<version>2.3.3</version>

    <configuration>
        <assertions enableSystemAssertions="false">
            <enable/>
        </assertions>

        <listeners>
            <report-text />
        </listeners>
    </configuration>

    <executions>
        <execution>
            <id>unit-tests</id>
            <phase>test</phase>
            <goals>
                <goal>junit4</goal>
            </goals>
        </execution>
    </executions>
</plugin>

Add a default log4j.xml in src/test/resources:

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<?xml version="1.0" encoding="UTF-8" ?>
<!DOCTYPE log4j:configuration SYSTEM "log4j.dtd">
<log4j:configuration>

    <appender name="console" class="org.apache.log4j.ConsoleAppender">
        <layout class="org.apache.log4j.PatternLayout">
            <param name="ConversionPattern" value="[%d{ISO8601}][%-5p][%-25c] %m%n" />
        </layout>
    </appender>

    <root>
        <level value="INFO" />
        <appender-ref ref="console" />
    </root>

</log4j:configuration>

We can now extend ESIntegTestCase class to run integration tests. You can create a BanoPluginIntegrationTest class in src/test/java/org/elasticsearch/ingest/bano/:

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package org.elasticsearch.ingest.bano;

import org.elasticsearch.action.admin.cluster.node.info.NodeInfo;
import org.elasticsearch.action.admin.cluster.node.info.NodesInfoResponse;
import org.elasticsearch.plugins.Plugin;
import org.elasticsearch.plugins.PluginInfo;
import org.elasticsearch.test.ESIntegTestCase;

import java.util.Collection;
import java.util.Collections;

import static org.hamcrest.Matchers.is;

public class BanoPluginIntegrationTest extends ESIntegTestCase {

    @Override
    protected Collection<Class<? extends Plugin>> nodePlugins() {
        return Collections.singleton(IngestBanoPlugin.class);
    }

    public void testPluginIsLoaded() throws Exception {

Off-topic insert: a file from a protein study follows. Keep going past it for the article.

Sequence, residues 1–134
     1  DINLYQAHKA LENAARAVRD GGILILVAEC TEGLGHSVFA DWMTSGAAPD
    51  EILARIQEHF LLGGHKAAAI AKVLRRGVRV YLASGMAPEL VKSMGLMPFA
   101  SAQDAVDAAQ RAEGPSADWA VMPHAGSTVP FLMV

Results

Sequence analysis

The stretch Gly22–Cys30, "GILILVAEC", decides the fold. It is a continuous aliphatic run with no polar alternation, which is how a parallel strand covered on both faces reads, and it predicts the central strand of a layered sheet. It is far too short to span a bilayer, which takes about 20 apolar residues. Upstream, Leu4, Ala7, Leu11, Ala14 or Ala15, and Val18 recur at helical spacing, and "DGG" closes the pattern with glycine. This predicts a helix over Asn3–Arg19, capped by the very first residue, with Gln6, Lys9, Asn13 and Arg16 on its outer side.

NodesInfoResponse response = client().admin().cluster().prepareNodesInfo().setPlugins(true).get();
        for (NodeInfo nodeInfo : response.getNodes()) {
            boolean pluginFound = false;
            for (PluginInfo pluginInfo : nodeInfo.getPlugins().getPluginInfos()) {
                if (pluginInfo.getName().equals(IngestBanoPlugin.class.getName())) {
                    pluginFound = true;
                    break;
                }
            }
            assertThat(pluginFound, is(true));
        }
    }
}

When you run this class, a cluster of a random number of nodes is started using random Locale settings. The plugin we just created is added to nodes using nodePlugins() class.

So we just have to use the plugin as we want now. In this example, we are just testing that the plugin is actually loaded on every node.

Build the plugin

Just run:

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mvn clean install

You will get in target/releases the distribution file.

Install the plugin

If you have an elasticsearch 5.0.0-alpha5 version somewhere, you can install this plugin with:

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bin/elasticsearch-plugin install file:///path/to/target/releases/ingest-bano-5.0.0-alpha5-SNAPSHOT.zip

Then you can start elasticsearch with bin/elasticsearch and check in logs that the plugin is loaded.

You are now all set!

Next?

In a coming blog post, I’ll explain how to write an Ingest plugin based on the skeleton we just built and also how to create real integration tests.

But note that this skeleton can be used for whatever purpose:

Your imagination is now the limit! :)

Stay tuned!